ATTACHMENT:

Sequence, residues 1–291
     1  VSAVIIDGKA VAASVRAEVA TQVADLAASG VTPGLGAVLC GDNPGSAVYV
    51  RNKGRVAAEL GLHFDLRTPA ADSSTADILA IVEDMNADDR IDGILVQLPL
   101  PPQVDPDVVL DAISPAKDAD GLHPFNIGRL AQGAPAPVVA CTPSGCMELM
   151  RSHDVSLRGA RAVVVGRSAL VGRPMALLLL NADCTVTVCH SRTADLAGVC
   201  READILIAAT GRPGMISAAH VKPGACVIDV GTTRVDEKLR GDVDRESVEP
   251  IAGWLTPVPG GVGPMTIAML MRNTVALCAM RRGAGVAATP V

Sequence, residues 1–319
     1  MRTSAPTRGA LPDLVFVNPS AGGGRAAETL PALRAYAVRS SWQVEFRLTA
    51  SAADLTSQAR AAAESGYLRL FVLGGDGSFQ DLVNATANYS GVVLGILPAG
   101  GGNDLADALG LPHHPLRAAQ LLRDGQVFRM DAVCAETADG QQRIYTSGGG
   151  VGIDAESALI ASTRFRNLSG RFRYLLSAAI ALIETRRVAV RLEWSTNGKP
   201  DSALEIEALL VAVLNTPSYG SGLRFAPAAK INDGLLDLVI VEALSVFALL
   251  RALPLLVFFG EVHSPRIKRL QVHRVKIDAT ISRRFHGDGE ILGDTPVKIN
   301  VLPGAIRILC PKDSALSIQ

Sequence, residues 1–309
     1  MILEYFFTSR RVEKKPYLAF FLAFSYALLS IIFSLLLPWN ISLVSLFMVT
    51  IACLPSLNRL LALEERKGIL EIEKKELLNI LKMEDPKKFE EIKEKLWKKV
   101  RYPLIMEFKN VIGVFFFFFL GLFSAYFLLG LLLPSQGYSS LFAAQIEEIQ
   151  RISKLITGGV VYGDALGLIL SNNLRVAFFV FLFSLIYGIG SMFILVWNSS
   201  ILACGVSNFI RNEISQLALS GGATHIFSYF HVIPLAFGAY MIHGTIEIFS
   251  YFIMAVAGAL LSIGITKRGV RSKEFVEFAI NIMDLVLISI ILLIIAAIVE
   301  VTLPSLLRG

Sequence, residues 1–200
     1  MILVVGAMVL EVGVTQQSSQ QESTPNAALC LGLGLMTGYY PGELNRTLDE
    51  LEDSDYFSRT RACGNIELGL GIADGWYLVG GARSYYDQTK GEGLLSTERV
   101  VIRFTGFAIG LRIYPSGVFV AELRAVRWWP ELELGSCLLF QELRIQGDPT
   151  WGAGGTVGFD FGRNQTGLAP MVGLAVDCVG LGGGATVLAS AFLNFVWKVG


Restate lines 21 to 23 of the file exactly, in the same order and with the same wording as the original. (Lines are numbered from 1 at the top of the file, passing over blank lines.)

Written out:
   201  ILACGVSNFI RNEISQLALS GGATHIFSYF HVIPLAFGAY MIHGTIEIFS
   251  YFIMAVAGAL LSIGITKRGV RSKEFVEFAI NIMDLVLISI ILLIIAAIVE
   301  VTLPSLLRG